Such financing agreements can be the object of a contractual, as opposed to an incorporated, joint venture, which in turn can take the form of, for example:

  • a silent partnership in the US;
  • a sleeping partnership in the UK.;
  • a Stillgesellshaft in Germany;
  • a cuenta in partecipaço in Portugal and Brazil;
  • a participaciòn a la galancia in Spain and Latin America;
  • an EEIG in all European countries;
  • an associazione in partecipazione in Italy;
  • a contratto partecipativo a patrimonio separato in Italy and several other countries.

The creation of a new independent entity, as is the case with incorporated joint ventures endowed with rights and obligations, implies a new tax liability upon the joint venture as distinct from the venturers.

The issue is more complex with regard to contractual joint ventures, where the income wholly arises from one of the parties involved and is distributed among the others. This framework is significant in terms of taxation: the issue is whether the portion of income allocated to the other parties is deductible from the total income and therefore is taxable upon the said party, or if it is to be considered allocation of income after tax.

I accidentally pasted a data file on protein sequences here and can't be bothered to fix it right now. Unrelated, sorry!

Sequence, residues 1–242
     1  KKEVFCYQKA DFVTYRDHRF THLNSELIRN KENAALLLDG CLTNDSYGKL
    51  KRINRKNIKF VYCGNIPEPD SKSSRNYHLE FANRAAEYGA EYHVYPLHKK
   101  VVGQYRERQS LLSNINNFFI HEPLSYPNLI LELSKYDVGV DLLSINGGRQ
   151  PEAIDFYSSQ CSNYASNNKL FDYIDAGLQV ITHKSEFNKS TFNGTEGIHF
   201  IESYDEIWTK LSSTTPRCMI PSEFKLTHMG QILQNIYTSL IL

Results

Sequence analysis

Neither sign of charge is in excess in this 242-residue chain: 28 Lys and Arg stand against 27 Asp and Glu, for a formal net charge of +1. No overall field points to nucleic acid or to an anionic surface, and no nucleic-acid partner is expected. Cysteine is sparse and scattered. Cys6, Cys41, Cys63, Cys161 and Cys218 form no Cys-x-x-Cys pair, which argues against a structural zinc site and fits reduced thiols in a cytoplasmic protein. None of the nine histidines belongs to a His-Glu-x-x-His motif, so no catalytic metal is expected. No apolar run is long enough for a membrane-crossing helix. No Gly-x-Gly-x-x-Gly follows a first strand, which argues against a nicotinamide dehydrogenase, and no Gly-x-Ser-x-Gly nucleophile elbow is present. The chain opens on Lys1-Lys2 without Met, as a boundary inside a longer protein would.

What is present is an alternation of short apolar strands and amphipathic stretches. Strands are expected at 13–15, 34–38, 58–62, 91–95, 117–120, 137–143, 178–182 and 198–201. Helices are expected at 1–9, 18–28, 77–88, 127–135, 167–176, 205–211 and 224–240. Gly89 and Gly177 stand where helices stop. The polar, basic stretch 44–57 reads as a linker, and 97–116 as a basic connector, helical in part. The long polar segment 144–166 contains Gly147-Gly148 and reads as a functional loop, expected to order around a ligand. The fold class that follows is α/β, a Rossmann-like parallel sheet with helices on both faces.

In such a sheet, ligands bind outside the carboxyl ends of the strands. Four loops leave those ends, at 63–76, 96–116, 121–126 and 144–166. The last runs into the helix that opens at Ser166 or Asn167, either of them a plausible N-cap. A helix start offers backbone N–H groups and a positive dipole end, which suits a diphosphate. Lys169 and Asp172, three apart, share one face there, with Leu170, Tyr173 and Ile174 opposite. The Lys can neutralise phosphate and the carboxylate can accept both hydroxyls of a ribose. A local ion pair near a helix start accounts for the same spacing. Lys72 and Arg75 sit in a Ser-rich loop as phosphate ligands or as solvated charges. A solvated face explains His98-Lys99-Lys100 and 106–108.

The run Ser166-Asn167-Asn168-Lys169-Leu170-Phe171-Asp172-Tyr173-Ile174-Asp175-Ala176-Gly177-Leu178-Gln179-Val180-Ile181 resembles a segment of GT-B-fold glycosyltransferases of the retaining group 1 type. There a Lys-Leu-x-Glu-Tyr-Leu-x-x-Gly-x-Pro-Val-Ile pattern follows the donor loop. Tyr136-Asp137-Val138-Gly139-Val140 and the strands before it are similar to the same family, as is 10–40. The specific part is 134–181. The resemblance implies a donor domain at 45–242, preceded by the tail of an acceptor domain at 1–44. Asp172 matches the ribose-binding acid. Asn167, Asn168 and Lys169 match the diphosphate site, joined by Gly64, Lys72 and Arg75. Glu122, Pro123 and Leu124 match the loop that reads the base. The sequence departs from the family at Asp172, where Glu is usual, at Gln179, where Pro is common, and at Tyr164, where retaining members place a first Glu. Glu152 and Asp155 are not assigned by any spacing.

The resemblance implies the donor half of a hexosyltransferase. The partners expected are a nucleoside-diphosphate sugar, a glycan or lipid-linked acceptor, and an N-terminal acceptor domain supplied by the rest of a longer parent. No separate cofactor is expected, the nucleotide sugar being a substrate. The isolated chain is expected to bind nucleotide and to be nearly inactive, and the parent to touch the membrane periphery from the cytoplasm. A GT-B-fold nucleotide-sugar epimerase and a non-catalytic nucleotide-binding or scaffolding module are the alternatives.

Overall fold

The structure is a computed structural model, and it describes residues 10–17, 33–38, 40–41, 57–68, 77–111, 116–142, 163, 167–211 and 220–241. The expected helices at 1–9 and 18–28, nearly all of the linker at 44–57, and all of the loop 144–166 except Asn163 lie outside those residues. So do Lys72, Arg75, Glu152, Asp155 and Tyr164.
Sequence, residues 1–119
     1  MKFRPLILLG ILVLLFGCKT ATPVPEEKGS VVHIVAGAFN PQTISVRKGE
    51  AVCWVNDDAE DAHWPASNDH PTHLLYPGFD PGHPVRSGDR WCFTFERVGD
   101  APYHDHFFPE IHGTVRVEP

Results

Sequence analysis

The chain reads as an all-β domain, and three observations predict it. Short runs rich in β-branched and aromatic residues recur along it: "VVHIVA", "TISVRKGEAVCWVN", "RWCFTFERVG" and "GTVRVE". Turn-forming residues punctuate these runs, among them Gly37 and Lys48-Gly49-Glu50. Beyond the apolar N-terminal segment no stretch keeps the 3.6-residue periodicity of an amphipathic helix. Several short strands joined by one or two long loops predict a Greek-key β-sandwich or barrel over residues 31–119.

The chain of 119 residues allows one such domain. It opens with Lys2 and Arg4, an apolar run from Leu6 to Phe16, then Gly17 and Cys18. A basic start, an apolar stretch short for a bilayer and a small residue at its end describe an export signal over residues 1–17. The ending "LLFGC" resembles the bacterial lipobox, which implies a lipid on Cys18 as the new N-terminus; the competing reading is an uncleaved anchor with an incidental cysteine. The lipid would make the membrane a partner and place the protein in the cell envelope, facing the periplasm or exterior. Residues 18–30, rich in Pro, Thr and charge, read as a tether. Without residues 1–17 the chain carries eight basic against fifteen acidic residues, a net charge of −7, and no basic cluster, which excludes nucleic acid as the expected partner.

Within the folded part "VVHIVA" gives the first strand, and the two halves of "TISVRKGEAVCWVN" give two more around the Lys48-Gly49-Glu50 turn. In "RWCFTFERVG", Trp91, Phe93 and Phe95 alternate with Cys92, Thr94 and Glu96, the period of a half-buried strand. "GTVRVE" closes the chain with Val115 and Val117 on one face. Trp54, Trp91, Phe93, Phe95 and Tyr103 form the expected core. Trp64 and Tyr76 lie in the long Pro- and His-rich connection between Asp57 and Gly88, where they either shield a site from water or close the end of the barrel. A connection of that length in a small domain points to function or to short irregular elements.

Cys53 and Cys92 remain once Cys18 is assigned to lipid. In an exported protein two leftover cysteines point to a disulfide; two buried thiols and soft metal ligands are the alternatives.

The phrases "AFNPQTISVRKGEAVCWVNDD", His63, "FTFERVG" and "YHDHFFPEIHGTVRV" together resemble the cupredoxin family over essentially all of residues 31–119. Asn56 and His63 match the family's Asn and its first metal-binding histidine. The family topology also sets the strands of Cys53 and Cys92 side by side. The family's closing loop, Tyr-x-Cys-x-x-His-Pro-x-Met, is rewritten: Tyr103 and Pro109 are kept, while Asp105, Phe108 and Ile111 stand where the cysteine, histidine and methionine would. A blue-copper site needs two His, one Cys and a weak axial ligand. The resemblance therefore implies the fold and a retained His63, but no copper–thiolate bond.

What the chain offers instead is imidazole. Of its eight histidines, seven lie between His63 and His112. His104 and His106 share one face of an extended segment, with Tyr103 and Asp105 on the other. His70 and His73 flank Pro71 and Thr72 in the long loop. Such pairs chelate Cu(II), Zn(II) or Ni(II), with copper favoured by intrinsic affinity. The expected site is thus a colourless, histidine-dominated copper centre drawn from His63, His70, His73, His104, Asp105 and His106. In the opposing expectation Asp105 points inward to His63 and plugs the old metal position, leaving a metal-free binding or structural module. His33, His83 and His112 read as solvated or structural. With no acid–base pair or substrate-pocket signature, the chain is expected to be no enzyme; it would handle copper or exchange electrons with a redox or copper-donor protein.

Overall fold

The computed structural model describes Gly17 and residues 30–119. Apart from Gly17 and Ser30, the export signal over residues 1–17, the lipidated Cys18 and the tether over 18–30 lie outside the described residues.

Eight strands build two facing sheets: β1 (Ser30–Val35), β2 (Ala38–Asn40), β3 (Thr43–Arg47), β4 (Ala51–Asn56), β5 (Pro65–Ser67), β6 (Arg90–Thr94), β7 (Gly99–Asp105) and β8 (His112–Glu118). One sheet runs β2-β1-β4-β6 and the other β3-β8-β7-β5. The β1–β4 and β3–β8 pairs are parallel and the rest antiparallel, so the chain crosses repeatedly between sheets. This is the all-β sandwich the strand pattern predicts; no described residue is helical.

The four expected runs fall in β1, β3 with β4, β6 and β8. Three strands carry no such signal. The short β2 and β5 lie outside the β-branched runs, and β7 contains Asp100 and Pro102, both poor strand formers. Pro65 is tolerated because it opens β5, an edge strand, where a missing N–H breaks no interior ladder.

Whenever the latter applies, it must be established whether the monies owed to the other parties are tax-free or if they contribute to the venturer's taxable income, upon the granting of a proportional tax credit. This follows from the joint venture's classification as either a trade agreement or a partnership agreement.

In both circumstances, the issue may be further complicated when the parties involved in a contractual joint venture belong to different legal systems.